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Analysis of Value-Added Meat Product Choice Behaviour by Canadian Households

Listed author(s):
  • Zhang, Xu
  • Goddard, Ellen W.

The competitive landscape in retailing has changed over the past decade. Moreover, the degree of product differentiation has been increasing: households are able to choose between an increasing number of store brands and national brands of similar products. The value added meat market is no different than any other sector of the grocery market – both national brands and private label brands are being developed to appeal to the consumer‘s desire for convenience, health, production and environmental attributes. Understanding the factors that are influencing consumers‘ value added meat product preferences is important for meat manufacturers who wish to add value to their firm‘s performance and increase market share. This knowledge is required in order to predict changes in demand and develop new products and marketing strategies that respond to changing consumer needs. The objective of the paper is to provide information on value added meat consumption patterns in Canada at the household level using household purchase information from a representative sample of the Canadian population collected through Nielsen Homescan™. Specifically the focus is on how meat consumers make their decision to purchase value-added meat products – the impact of value added meat types, store choices and brands preference on meat demand. The study undertakes an empirical investigation of Canadian household value added meat demand for the period 2002 to 2007. A comparison of consumers‘ preferences is performed with respect to store-switching, brand loyalty and meat expenditure. Multivariate regression analysis is employed to explain consumer preferences for the examined stores, products and brands. We find that meat price, advertising, the number of stores visited, household socio-demographic characteristics and regional segments are strongly related to meat expenditure levels. Value added meat product preferences vary widely across meat types - for example, consumer behaviour towards pork is not a good predictor of behaviour towards poultry, in terms of national brand/store brand choice. The data developed in this analysis can highlight6 marketing opportunities that exist for meat producers and processors to increase the value of total sales for their particular products. The results of this study highlight the impact of number of stores regularly shopped at on purchases of national brand versus private label meat products, the impact of expenditure on meat by product form on national brand versus private label and the impact of demographic and regional variables on all meat purchases, by animal species.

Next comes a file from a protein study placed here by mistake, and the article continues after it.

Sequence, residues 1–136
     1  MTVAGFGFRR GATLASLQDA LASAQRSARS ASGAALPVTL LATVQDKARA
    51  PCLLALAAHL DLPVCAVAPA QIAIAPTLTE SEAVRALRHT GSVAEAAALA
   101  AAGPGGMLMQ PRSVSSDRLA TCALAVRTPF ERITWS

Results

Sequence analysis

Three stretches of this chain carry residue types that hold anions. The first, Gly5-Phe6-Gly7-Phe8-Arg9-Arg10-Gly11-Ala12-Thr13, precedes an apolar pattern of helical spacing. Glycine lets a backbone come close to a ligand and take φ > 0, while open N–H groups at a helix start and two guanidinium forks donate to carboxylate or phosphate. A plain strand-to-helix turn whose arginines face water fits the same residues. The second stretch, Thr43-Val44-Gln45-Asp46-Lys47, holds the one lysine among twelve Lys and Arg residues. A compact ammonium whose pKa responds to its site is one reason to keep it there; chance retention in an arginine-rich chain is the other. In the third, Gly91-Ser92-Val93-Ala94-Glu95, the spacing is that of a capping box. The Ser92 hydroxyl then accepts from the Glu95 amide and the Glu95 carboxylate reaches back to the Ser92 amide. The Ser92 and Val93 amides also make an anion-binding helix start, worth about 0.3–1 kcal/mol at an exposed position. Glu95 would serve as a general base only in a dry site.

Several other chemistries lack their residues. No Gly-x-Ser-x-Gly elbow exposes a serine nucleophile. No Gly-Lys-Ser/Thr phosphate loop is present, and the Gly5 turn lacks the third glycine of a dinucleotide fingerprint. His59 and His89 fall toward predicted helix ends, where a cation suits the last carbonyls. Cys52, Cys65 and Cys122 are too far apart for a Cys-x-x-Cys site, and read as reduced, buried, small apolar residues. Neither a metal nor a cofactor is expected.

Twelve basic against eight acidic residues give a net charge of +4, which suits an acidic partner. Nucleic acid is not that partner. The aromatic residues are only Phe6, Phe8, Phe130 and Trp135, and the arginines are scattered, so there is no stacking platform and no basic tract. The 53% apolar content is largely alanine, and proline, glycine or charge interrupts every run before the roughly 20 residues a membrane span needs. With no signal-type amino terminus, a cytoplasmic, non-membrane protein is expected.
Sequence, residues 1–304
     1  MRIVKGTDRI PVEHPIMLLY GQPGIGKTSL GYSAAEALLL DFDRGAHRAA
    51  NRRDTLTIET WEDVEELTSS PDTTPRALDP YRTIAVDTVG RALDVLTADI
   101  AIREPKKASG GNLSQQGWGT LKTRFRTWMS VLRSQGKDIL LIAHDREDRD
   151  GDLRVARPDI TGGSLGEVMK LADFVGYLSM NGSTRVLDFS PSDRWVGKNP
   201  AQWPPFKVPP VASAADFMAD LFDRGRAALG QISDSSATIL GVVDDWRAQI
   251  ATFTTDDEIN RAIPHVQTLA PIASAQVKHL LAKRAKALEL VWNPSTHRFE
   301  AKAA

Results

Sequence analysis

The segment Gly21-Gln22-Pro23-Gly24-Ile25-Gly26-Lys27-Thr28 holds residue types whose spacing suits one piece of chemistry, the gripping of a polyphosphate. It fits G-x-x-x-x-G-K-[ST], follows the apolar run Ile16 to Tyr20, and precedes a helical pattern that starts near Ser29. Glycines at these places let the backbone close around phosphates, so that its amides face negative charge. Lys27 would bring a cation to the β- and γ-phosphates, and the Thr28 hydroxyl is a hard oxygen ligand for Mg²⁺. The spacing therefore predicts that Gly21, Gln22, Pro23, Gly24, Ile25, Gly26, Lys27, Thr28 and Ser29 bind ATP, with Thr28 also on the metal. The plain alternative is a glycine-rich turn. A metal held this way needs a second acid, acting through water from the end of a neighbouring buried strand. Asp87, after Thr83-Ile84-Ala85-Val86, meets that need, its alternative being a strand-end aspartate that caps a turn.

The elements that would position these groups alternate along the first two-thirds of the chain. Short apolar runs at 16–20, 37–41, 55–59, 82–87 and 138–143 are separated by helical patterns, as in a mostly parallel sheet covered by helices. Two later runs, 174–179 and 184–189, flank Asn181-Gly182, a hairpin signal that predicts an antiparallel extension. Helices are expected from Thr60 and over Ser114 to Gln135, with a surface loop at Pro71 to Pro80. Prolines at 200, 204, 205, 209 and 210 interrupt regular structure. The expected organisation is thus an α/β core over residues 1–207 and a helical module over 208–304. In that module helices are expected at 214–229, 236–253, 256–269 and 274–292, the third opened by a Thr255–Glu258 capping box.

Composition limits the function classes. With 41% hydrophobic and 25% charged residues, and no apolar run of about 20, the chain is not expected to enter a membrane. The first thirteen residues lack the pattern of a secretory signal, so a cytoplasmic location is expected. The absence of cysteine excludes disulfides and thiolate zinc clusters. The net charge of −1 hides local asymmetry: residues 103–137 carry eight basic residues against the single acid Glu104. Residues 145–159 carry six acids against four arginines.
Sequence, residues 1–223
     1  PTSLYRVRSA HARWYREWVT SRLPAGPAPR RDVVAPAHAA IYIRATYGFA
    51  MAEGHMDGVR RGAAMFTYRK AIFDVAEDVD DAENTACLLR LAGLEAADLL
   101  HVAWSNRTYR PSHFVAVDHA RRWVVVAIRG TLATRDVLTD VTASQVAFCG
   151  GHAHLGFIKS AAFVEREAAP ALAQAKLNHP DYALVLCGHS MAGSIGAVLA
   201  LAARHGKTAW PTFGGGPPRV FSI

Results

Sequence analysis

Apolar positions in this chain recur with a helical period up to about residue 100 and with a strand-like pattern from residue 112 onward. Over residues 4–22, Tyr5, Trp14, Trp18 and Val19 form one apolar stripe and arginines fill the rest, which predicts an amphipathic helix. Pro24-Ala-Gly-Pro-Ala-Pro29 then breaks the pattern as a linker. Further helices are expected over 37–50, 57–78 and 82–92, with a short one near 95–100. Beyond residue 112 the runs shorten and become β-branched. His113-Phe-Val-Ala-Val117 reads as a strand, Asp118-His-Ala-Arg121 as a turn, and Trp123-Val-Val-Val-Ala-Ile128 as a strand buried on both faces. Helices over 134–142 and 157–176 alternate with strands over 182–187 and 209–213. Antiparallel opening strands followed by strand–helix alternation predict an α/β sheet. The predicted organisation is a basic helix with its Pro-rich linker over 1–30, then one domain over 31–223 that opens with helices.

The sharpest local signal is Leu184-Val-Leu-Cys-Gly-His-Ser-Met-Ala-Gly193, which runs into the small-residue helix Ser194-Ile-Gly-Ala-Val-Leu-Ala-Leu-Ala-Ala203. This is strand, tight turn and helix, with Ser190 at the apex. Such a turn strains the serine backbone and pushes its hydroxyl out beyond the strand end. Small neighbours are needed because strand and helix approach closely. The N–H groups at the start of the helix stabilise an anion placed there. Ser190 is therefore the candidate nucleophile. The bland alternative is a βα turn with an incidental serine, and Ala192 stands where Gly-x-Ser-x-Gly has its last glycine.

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Paper provided by University of Alberta, Department of Resource Economics and Environmental Sociology in its series Project Report Series with number 99703.

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Date of creation: Dec 2010
Handle: RePEc:ags:ualbpr:99703
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